Fabio Montale is a direct descendant of Philip Marlowe, that original great noir detective. He operates in another coastal city filled with more problems than solutions. In this first book of the Marseilles trilogy, he is a police officer, but soon enough that career is set aside, just as Marlowe had done. We never really know why Marlowe left the force, but Montale’s reasons are all laid out before us.
Izzo started as a journalist and seems to have come to mystery writing later in life, just like Raymond Chandler. While Chandler had little detective experience though a fair bit of experience of the world, Izzo had a wealth of research on European organized crime providing background for his stories.
The repeated introductions in the beginning of the American editions of Izzo’s work emphasize his place as the founding father of Mediterranean noir. I happily admit Izzo’s place in the pantheon of mystery writers, even if his career was cut short by death at 55. I do have to wonder if an author publishing in the 1990s has really created a new branch on the genre tree. Izzo certainly emphasized elements not always at the forefront of previous works.
Montale, like Izzo, is the child of immigrants and the author writes quite eloquently about the experience of the outsider in a new land. He loves Marseilles and its disassociation from the rest of Provence (and the rest of France). The port of first entry for people from all across the sea, Marseilles is marked by repeated waves of new arrivals. The latest are always resented until the next wave blesses them with an air of acceptability.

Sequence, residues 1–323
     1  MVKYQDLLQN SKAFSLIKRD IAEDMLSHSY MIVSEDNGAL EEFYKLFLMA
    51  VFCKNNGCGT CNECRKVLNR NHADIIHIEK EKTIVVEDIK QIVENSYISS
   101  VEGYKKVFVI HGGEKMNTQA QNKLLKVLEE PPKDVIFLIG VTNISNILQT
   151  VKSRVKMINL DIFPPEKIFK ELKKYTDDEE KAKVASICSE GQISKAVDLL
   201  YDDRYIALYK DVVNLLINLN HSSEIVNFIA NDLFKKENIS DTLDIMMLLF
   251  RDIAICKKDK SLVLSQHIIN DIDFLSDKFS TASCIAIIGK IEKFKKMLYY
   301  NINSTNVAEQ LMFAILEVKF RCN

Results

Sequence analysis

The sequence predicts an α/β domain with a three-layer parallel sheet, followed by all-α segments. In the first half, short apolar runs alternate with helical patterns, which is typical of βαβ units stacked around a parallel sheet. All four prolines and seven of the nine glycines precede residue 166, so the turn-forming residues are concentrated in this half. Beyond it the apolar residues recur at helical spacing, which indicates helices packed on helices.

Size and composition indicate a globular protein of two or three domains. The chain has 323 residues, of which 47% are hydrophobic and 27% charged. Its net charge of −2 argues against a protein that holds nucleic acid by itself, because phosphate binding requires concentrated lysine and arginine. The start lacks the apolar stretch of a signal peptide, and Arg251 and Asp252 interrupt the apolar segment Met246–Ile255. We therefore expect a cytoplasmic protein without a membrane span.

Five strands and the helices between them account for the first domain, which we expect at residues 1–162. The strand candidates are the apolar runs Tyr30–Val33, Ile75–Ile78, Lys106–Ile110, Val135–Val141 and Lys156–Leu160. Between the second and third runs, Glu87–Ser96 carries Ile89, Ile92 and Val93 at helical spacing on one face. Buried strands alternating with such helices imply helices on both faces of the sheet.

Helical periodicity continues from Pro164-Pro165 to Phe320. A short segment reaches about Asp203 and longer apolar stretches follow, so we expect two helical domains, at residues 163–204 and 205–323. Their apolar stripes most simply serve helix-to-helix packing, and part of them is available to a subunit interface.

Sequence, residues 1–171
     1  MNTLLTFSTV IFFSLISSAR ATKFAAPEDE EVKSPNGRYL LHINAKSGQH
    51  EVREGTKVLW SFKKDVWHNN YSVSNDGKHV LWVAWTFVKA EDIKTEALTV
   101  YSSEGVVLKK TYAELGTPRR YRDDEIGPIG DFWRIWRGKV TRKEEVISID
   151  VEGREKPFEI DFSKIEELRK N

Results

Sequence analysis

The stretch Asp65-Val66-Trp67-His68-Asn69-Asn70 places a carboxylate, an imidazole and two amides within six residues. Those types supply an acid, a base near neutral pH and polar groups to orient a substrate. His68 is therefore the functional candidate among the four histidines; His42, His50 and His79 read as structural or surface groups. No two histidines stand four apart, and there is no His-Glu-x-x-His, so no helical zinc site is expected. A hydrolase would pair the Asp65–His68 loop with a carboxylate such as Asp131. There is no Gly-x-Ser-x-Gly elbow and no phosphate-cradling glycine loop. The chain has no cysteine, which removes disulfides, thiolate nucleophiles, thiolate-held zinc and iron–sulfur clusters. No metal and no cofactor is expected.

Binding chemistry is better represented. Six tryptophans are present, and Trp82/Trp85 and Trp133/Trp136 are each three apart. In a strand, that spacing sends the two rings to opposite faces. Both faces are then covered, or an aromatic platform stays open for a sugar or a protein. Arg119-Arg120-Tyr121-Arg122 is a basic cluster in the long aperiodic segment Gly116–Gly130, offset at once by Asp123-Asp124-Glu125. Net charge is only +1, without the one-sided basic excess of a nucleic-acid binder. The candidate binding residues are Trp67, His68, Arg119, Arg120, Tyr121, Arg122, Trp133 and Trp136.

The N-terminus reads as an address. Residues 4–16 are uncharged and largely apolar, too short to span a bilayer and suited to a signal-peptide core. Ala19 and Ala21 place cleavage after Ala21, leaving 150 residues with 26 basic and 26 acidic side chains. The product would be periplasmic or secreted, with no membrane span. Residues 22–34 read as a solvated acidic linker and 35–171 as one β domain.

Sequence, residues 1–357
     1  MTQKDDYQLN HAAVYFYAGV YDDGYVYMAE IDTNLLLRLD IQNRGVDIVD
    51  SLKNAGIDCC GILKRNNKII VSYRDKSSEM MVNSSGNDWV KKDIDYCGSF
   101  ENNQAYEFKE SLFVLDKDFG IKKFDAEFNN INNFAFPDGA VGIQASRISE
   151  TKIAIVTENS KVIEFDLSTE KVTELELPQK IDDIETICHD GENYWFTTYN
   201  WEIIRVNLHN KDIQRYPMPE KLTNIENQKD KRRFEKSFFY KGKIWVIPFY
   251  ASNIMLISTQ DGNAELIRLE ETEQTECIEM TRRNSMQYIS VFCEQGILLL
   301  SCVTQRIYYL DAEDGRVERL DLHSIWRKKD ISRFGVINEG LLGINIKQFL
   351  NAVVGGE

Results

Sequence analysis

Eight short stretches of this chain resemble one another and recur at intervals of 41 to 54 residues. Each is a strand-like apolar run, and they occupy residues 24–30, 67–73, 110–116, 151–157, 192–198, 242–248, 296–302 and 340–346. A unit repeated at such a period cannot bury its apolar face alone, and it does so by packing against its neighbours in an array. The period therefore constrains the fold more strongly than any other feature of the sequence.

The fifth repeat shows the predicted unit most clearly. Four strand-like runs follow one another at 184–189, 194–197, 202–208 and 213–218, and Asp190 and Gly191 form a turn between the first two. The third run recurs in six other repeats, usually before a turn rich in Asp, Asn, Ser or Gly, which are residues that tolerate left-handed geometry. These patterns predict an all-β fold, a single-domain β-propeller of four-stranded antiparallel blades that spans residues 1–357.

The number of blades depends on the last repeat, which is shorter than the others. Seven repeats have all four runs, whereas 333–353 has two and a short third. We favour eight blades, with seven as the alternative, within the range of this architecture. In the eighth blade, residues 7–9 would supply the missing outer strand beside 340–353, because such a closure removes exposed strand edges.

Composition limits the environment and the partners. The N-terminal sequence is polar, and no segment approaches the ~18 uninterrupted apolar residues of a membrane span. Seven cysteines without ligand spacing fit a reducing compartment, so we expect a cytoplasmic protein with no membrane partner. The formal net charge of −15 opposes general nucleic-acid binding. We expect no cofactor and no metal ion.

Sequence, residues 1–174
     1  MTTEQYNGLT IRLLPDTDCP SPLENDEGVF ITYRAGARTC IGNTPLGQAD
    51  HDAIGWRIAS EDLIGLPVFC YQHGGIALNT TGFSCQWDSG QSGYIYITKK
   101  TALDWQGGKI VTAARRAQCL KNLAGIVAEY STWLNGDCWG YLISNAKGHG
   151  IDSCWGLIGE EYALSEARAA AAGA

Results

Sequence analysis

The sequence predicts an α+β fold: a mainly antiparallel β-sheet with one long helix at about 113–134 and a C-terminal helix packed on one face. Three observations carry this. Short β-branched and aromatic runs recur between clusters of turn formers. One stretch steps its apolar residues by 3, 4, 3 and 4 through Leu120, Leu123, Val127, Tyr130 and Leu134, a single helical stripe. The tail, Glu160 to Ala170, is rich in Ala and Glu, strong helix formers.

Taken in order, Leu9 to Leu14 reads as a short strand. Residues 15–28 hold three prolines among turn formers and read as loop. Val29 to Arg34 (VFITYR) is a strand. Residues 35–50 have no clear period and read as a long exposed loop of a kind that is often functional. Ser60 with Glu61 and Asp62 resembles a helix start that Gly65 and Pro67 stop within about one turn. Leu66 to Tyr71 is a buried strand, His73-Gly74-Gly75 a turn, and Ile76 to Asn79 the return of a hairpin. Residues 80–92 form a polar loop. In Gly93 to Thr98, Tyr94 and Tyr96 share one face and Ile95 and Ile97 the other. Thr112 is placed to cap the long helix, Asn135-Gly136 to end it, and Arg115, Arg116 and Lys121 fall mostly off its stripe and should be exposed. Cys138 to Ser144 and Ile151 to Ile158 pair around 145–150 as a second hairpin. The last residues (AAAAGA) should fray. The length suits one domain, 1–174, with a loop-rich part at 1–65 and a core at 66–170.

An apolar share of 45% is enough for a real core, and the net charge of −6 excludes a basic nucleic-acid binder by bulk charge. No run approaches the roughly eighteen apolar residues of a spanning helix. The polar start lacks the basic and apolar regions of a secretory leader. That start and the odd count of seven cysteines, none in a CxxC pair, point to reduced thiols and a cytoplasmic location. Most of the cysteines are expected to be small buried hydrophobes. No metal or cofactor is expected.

In his nonfiction, Izzo frequently writes about feeling rootless and being able to call the road his home. He seems determined to convince the reader of his comfort anywhere within sight of the sea, but it always circles back to Marseilles, particularly the cuisine.
All those great French crime films of the fifties were heavily influenced by the Hollywood noir flicks that preceded them. They have their own style and offer their own innovations. Perhaps it is impossible not to see a fresh branch in their creations, one infused with European culture and naturally filled with French images. Their experience of post-war life affects the storytelling as much as Italian cinema reflects their experiences.
So… perhaps Izzo is onto something new. Marseilles is a global crossroads where North Africa meets Western Europe. Raw emotions are on display as the National Front hides its message of hate in a sheepskin of political expediency while allowing criminals to shelter within their party. Montale is not Izzo but they both fight for fair treatment for the disenfranchised. Chandler laced his books with call outs on abuses of the downtrodden by those in power. Marlowe and Montale are knights on the chessboard working for the greater good that can sometimes only be found in le noir.
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